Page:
Apple-Lyte™ is a highly palatable apple flavored source of electrolytes and trace minerals indicated to be used during periods of stress and/or dehydration, as a nutritional/ electrolyte supplement. Apple Flavored!
Directions for use: Horses: Provide 1 oz daily with feed and/or mix in water. Provide ample water at all times.
(Enclosed measure approximates 1 oz based on density of product.)
Adult Horses (900-1,100 lbs): Feed 1/2 - 1 ounce twice daily as a top dress on feed and/or mix in water. Provide ample water at all times.
Sodium is critical for normal nerve and muscle function, as well as transport of many substances (such as glucose) across cell membranes. The two elements (sodium and chloride) are responsible for the regulation of all the horse’s body fluids, as well as the conduction of electrical impulses in nerves and muscles, and they are the most important of the minerals known as electrolytes (minerals which are lost in the sweat and urine during exercise stress). There is very little sodium in forages and grains, so it must be supplied separately.
Salt (also known as sodium chloride or NaCl) plays an important role in normal nerve and muscle function and can help encourage your horse to drink, making it critical for his well-being. Adult horses in no work need at least one ounce of salt per day, and that need goes up with exercise and warm weather. If your horse’s daily requirements for salt aren’t met, he may not be in optimal health nor able to perform at his best.
Magnesium is a vital macromineral, and it is becoming increasingly recommended by veterinarians for various treatments in the horse. Within the muscle calcium and magnesium work antagonistically, calcium causing muscle contraction and magnesium inducing relaxation.
Calcium is a micromineral found in highest amounts in bone and teeth. However, it also has important roles in muscle contraction, cell membranes, blood clotting, enzymes regulation, and hormone release. Absorption of calcium from the small intestine is controlled by vitamin D but can be reduced if there is too much phosphorus in the diet. Ideally, horses should receive slightly more calcium than phosphorus – a ratio between 1:1 and 2:1 is probably best. Pregnant and lactating mares, growing horses, and exercising horses may need more dietary calcium than an adult horse at rest.
Potassium is a macromineral commonly referred to as an electrolyte because it helps maintain the body's acid/base balance and hydration status. One of potassium’s major roles is to keep the sensitivity of nerves and muscles at normal levels, not under or over reactive to impulses telling them to contract. This includes both skeletal and heart muscles. It is one of the most important minerals throughout the body. Fortunately, most horses receive all the Potassium they need from their forage. The amount of Potassium in the diet of HYPP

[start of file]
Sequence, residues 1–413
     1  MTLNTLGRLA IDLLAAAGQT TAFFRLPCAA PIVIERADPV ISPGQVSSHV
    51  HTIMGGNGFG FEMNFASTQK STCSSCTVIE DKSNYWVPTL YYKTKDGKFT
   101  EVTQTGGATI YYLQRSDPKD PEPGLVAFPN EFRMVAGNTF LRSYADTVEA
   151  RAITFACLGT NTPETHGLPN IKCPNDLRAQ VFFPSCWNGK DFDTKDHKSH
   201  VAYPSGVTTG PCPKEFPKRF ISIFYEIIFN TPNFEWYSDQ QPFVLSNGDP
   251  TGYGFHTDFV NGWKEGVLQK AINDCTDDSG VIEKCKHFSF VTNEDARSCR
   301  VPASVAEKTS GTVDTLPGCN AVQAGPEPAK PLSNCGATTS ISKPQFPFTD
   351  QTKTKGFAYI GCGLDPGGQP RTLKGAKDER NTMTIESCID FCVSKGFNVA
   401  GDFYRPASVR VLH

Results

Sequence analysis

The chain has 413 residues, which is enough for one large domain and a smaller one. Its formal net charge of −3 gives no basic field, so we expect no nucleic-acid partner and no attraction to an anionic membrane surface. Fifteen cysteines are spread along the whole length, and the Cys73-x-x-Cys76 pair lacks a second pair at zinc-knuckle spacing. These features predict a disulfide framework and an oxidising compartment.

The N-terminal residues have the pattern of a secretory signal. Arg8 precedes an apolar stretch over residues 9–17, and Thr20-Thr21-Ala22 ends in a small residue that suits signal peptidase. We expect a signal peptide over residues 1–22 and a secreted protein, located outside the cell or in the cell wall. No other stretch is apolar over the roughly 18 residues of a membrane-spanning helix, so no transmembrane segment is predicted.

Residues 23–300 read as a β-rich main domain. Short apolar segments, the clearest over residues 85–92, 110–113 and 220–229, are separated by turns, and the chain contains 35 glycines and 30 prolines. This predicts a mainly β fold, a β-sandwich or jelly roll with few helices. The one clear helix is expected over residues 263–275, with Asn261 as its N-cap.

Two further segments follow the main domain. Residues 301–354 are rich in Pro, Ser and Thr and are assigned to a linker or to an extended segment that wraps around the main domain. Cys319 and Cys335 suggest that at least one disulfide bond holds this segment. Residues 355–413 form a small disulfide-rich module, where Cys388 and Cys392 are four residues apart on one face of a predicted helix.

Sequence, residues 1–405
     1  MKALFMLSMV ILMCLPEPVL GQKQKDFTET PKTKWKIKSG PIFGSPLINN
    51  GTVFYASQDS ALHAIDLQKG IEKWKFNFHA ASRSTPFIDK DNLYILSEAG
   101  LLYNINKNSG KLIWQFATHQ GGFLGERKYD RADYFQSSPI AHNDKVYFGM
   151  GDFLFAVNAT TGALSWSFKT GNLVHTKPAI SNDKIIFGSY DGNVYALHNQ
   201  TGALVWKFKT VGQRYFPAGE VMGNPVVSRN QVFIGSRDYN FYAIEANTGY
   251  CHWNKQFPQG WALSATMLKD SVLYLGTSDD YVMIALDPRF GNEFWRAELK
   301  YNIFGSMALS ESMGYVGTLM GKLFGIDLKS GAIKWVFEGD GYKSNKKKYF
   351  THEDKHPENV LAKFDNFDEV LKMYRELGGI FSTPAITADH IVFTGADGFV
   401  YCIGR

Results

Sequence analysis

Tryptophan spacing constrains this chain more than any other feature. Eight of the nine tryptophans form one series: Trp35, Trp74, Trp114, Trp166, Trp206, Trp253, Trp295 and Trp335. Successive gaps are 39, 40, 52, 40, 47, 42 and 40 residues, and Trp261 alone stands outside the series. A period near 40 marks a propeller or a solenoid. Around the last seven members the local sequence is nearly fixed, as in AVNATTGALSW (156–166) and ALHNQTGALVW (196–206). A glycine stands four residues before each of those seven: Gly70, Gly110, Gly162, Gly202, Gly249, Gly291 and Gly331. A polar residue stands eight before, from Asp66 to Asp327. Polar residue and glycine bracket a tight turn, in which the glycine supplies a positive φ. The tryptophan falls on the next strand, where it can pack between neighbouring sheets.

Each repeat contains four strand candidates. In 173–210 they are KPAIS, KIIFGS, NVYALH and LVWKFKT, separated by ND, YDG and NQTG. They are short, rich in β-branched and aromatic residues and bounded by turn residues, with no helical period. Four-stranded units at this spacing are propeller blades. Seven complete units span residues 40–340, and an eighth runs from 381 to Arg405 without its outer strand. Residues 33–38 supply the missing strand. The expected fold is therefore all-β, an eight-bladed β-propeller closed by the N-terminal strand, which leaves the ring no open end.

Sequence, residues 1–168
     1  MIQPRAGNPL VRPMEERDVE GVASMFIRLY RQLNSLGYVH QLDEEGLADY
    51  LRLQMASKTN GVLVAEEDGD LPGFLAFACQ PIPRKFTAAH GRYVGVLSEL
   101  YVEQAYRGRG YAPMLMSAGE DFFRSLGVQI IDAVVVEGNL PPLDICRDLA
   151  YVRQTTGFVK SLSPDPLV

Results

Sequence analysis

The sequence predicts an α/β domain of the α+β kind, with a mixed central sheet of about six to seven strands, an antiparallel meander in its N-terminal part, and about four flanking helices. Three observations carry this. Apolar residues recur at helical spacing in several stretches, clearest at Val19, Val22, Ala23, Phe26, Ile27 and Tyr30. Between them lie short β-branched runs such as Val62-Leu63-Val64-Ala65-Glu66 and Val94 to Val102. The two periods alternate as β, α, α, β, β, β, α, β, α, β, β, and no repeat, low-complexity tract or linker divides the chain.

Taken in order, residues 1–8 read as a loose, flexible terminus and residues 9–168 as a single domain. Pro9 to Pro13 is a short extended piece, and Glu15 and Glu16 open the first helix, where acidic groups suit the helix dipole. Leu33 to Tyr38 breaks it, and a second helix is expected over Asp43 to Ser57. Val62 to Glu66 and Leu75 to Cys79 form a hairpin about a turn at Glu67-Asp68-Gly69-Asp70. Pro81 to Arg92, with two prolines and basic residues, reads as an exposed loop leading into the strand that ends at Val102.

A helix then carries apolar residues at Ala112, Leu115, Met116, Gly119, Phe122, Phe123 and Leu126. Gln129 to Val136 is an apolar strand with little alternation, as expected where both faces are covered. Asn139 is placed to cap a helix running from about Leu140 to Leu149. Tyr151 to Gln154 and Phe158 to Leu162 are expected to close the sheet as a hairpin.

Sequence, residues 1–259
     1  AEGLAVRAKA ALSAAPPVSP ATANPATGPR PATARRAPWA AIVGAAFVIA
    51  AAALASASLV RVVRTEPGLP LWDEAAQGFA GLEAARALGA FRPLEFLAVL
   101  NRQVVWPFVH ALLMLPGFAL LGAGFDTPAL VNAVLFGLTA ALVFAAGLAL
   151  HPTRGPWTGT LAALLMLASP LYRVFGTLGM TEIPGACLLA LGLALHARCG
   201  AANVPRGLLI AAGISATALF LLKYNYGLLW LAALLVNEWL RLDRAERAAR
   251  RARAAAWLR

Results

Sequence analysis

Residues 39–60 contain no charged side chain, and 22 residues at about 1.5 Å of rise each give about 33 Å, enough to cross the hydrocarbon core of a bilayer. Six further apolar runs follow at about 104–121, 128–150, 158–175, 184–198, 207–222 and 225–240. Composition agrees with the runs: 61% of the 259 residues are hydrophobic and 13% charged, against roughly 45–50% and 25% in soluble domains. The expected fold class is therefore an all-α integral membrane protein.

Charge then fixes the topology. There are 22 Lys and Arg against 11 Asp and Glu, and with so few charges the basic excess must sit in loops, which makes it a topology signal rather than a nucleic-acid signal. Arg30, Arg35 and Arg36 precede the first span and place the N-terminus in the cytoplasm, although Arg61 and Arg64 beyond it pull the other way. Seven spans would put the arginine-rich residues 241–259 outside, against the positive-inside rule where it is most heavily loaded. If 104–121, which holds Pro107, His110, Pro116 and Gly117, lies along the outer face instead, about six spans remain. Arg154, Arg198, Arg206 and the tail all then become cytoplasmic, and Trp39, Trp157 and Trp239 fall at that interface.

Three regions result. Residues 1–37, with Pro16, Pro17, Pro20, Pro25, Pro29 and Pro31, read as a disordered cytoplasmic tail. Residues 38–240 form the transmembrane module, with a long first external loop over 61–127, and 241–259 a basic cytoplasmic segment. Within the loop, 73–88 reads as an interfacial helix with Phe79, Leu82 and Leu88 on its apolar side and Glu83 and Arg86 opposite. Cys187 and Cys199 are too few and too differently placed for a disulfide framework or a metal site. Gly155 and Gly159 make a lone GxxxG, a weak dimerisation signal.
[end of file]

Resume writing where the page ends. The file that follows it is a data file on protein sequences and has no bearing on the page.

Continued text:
Zinc is a micromineral involved in over 100 enzyme systems ranging from connective tissue formation and antioxidant protection to carbohydrate metabolism and immune system function. It is most recognized for its role in healthy skin and hooves and supplementation should be considered because amounts in normal feedstuffs may not meet requirements and toxicity has not been reported.
Manganese is a micromineral essential for bone formation, growth and reproduction. It is also essential in carbohydrate and fat metabolism. Supplementation should be considered because not all diets provide the same levels of manganese. It is among the least toxic of the trace minerals, and it plays an important role in young growing horses as well as active performance horses.
Copper is a micromineral required for production of normal connective tissues including tendons, ligaments, cartilage and bone. As a component of many enzyme systems, it is also involved in making iron available to the body for blood, in producing skin and coat pigments, in proper nerve signaling and in repairing antioxidants. Low Copper levels in mares and foals have been implicated in developmental orthopedic disease (DOD) including osteochondrosis (OCD).
Cobalt is a micromineral used by intestinal microorganisms to produce vitamin B12, which works with iron and copper to form healthy red blood cells. It is of minor interest because this is its only role in the body, no known cases of deficiency or toxicity have been reported, and horses take in all the cobalt they need from their normal diets.
Can I put Apple-Lyte in my horses water?
MVP: Yes, however when giving electrolytes in water, be sure to always provide an additional water source without electrolytes. Providng water with electrolytes may cause issues with horses that are not used to the taste, as it may take time to become accustomed to it. Offering water free of electrolytes added will prevent dehydration during transition period. Apple-Lyte may also be given in your horse's feed.
How do I test my horse For dehydration?
MVP: There are many quick tests to determine whether a horse is dehydrated; these include: Skin pinch test- pinch a small piece of the skin in the neck or shoulder area, if it stays elevated more than a few seconds, dehydration is possible. Appearance of gums- if the gums look dry or reddened, dehydration is possible.
Is Apple-Lyte beneficial for short term use as well? I know it says for daily use but can I just use it during extensive long weekend competitions or during a short term heat wave? Should I use more if so?
MVP: Apple-Lyte™ may certainly be used short term. The recommended serving size would remain the same even if fed short term. For intensive weekend competitions, you might also consider Electro-Cell II Paste.